3rd session - Talking to Ethereum - EVM's Stack Based Execution + Cryptographic Key Generation + MetaMask + Simple Transactions + DApp Games
DApps Dev Club held its third session - Talking to Ethereum - on Tuesday, where the stack-based execution model used by the Ethereum Virtual Machine, means to generate cryptographic keys for use in Ethereum wallet software, using MetaMask, performing simple transactions, and DApp Games.
We've already posted the videos from the session here.
The goal was originally to spend some time getting everyone set up to use their networks to talk to the Ethereum network, followed by an introduction to Solidity. However, we never fully got around to the latter part, because we spent too long on the set up. We will cover this in our next session instead!
As promised in the kickoff session, and session #02, we have now finally transitioned from a one-way information transfer kind of environment, akin to a lecture… to a more participatory hands-on kind of environment, akin to a workshop.
Things are finally starting to feel like it is a technical book club, as originally envisioned.
If you would like to review the slide deck that was presented again, or follow along while watching the recordings, or get at a hyperlink that we mentioned - here it is!
The concept of a virtual machine as a software abstraction over hardware execution was introduced in session #02, and along with it a brief mention that Ethereum's virtual machine made use of a stack-based execution model - but with no further details.
As we all will be learning about and making use of solidity compilers, we thought it would best to visually show exactly what was meant by that.
Using reverse-Polish-notation and EVM op codes we stepped through a simple arithmetic operation with illustrations for each step of the way.
In this section we talked about BIP39, BIP44, and BIP32, and how they can be used to generate a large number of cryptographic keys from a single seed phrase, in a secure way.
When talking about randomly generated entropy, keep this XKCD comic in mind!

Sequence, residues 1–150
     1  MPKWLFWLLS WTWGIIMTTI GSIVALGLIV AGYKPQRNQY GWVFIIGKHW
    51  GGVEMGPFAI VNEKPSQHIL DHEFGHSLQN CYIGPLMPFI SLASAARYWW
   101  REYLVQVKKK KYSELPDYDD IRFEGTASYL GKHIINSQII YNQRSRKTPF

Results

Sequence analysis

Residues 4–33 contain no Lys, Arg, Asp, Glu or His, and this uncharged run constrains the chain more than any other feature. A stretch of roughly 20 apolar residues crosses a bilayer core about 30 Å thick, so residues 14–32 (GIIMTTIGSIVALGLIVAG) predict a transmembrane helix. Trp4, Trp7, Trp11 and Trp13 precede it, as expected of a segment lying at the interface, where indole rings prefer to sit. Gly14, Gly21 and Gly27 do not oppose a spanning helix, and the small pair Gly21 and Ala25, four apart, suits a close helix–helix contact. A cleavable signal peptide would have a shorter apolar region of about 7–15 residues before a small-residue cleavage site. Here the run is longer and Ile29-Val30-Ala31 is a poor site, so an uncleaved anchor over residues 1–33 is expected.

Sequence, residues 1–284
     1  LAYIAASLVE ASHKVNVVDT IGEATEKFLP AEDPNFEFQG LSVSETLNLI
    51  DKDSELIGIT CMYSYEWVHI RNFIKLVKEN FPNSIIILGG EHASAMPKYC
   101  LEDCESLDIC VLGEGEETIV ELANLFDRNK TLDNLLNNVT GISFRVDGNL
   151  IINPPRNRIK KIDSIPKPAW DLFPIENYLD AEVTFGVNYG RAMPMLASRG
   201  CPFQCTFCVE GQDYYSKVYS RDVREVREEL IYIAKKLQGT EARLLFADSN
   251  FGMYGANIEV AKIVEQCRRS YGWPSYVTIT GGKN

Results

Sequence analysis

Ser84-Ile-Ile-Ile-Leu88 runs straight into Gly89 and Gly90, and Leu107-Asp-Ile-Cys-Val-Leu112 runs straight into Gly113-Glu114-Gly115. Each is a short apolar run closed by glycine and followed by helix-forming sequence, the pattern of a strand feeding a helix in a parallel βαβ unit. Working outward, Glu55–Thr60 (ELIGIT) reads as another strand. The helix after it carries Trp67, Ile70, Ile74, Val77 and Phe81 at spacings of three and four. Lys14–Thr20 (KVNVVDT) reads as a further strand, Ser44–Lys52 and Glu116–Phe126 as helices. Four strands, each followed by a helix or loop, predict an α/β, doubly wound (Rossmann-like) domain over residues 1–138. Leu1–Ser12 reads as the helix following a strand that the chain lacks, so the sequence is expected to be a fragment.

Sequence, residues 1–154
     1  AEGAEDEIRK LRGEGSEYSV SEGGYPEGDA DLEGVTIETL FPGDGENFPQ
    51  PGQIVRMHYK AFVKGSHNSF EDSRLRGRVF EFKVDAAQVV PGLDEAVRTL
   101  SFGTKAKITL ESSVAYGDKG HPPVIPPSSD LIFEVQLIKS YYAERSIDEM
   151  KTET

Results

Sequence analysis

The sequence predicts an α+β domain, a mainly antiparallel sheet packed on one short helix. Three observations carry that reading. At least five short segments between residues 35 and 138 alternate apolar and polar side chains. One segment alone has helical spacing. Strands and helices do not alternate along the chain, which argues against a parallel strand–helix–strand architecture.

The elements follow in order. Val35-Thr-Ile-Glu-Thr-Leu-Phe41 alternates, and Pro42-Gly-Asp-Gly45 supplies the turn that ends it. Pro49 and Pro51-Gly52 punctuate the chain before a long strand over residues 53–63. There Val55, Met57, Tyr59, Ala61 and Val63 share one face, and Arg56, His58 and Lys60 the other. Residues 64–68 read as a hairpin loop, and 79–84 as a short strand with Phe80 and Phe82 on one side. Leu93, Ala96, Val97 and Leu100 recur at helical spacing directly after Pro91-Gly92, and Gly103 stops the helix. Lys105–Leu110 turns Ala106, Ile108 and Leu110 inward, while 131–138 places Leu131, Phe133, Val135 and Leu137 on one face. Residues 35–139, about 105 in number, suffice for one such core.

Next we installed MetaMask, which was introduced in session #02, this time we made use of the seed phrase that we generated as an input, as demonstrated that each Account actually matches the keys generated using BIP39.
Next, we used these accounts to send each other test-net Ethers, via this simple web page.
We also wrote random text strings onto the (test-net) blockchain, just for fun!
This is the section that we had been gearing up, never quite got enough time. Instead we talked about a learning tool which teaches you how to build your own version of CryptoKitties - the DApp that was so popular that it actually, at one point, "crashed" the Ethereum network with too many transactions.
CryptoZombies is that game, except that instead of kittens, you have Zombies.
Pace: Four of you said that the pace was too slow for you, during the hands-on sections. We are trying to cater for everyone, but at the same time feel your frustrations. But can we have our collective cake and eat it too? Vedant came up with an interesting solution:
Have the ones who finish quicker go around the room and help the rest who have not yet (completely optional, of course). This is totally in the spirit of a technical book club, so let's try this out our next session, and see how it goes!
Support: We've received so much positive feedback with comments such as:
This has been something I've wanted to try out for a while, but never got around to. I'm so glad that you're doing these sessions.
It is great that the stuff that we're doing in these sessions resonates so well with you. Also we've noticed that there are a number of you who have turned up at all three sessions so far - you're familiar faces now!!
Offering help: We've also been getting offers from you as participants to help us organising these sessions. From helping out with the pre-session AV set up, to offering to help build demos for the sessions. This is all great, and again, a very nice sign that we're building a neat club here. Thank you everyone!
The favourite part about this session was the simple transactions hands-on. For many of you, this would have been your first interaction with the Ethereum network.
In addition to this, we sensed that quite a few of you were pretty curious/ excited about being able to write not just transactional data, but also completely arbitrary data, to an publicly available immutable ledger.
One of the questions asked during the hands-on is also worth highlighting here, which was:
Why was there a fee to transfer zero Ether?
This was really interesting because it was a very concrete way to show that executing a transaction is based solely on computational complexity, and not a percentage based fee.
A huge thanks to BitTemple for hosting us at their excellent office space. Especially Solomon for organising the event space.
Thanks also to Wing & Gerald for their on-site assistance in running the event.
Our fourth session will be on Tuesday 9th April. Please let us know if you're planning to attend, as it helps us to plan!